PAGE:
rules and the packet will go through all the rules uuntil the end of

speel chequer not used  ;-)

Part 3

   Now, the explanation. The AP is WEP capable only and WEP is good but
   not good enough for us security people).

WEP is not good enough for anyone. WEP64 and WEP128 can easily be cracked.
WPA is better. WPA-PSK with TKIP is very safe. The usual recommendation is
20 characters or more, consisting of non-dictionary words. WPA encryption
based on a PSK (Pre Shared Key) has been cracked, but only with weak (ether
very short or short dictionary words), and not TKIP which changes the
encryption key frequently. (People rant about this subject in the Usenet
newsgroup 'alt.internet.wireless' quite frequently.)

   The 3 networks we are using here are :
     * for our MAIN network on eth
     * for our WLAN on eth1
     * for our OpenVPN WLAN network on tun0
     * for our OpenVPN PUBLIC network on tun1

3???   Oh, you're a Geek, and count from zero.  OK   ;-)

     $IPT -A local -s -d -j ACCEPT

Minor quibble - I'd use, simply because the system knows
that any address in that range is loopback. Try pinging/connecting to - and your own computer will answer.


Looks good.

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Think also of leaving it as raw text - the advantage is that you can use
a search feature like 'grep' to find keywords which is impossible with a

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Would be better to cross-post (put all the newsgroups in a comma
separated line) and set a Followup-To: as I have done here than to
individually post.. (I also see two copies of the other post to
alt.computer.security and comp.os.linux.networking.)

        Old guy

Re: iptables easy to understand articles/pdf

Hi Moe, excellent, thank you very much for the comments (and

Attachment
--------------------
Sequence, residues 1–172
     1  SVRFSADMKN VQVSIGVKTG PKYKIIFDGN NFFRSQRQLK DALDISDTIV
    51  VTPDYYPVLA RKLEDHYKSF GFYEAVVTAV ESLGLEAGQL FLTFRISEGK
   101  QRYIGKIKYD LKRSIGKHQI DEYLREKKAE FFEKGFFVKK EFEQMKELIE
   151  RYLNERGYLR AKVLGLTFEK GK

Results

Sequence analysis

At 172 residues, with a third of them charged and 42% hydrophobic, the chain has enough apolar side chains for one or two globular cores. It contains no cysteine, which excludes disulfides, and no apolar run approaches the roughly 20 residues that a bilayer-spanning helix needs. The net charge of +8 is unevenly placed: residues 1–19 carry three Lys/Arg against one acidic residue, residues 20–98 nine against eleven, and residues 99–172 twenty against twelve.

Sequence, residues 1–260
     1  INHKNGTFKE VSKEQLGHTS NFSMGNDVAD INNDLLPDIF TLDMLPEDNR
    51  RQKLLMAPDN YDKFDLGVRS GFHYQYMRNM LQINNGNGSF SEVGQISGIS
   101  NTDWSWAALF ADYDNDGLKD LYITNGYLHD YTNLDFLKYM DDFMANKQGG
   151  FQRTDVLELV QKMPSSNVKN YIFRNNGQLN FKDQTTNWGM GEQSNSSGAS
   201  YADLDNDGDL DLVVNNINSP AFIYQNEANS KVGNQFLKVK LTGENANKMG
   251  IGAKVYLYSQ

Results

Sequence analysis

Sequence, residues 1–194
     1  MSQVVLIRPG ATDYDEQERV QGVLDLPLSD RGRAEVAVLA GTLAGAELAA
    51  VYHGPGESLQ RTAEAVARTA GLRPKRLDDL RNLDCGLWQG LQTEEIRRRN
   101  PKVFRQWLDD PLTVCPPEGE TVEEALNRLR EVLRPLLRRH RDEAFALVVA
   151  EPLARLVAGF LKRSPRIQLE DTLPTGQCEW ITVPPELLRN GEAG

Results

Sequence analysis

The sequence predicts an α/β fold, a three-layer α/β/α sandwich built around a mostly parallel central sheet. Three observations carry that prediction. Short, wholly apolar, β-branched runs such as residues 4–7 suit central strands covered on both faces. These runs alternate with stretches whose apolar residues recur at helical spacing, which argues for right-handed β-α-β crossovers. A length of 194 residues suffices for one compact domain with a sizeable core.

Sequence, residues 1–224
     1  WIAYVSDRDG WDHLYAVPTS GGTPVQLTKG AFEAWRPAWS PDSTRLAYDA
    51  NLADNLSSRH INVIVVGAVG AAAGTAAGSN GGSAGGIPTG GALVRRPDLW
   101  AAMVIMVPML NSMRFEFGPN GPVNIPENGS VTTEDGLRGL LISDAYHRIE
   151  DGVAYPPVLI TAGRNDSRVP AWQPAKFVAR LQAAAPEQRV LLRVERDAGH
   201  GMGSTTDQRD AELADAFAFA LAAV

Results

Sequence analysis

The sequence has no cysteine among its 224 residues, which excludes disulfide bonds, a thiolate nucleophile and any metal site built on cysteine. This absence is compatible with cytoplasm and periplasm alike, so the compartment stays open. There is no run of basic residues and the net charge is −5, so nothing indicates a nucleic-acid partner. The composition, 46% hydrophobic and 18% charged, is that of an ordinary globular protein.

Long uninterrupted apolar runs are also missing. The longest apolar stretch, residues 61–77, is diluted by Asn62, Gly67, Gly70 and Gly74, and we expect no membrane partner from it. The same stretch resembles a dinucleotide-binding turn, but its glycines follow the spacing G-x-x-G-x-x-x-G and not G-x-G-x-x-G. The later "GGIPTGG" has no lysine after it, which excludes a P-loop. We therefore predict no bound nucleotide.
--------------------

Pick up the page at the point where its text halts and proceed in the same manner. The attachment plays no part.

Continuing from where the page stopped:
corrections). I will change the quibbles as soon as I get home.
about the raw text, i guess I can leave that as well yes. My main point
was that mainly there are so many documents that a person would have to
read to get a grasp of iptables, that a single one would be nicer and
easier, imho.

Again thanks for the comments and anyone who has still something to add
or suggestions please do so anyone who wants something to be added in
the whole, like something they want explained, please let me know.



Moe Trin wrote:
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Re: iptables easy to understand articles/pdf

On 21 Dec 2006, in the Usenet newsgroup comp.os.linux.security, in article

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Please do post an announcement when the rest of the document is available.

Quoted text here. Click to load it

Oh, I agree with that.  The reason I was suggesting having the text
version available is the ease in searching for things that the document
may contain.   I'm sure you are used to using 'apropos' and 'whatis'
to search for man pages (as one example), but I've also found it very
useful to use grep (or zgrep) to search for keywords within the man

[compton ~]$ apropos routing | wc -l
[compton ~]$ find /usr/share/man/ -mindepth 2 -type f | wc -l
[compton ~]$ zgrep -l routing /usr/share/man/man*/* | wc -l
[compton ~]$

That's just one example where being able to access the _words_ in a
document may be useful.  Going along with your point, there are 448
different HOWTOs and mini-howtos (totalling 3.8 million words), and
29 of them mention 'iptables'.  But what use is that if you can't
_find_ which one?

        Old guy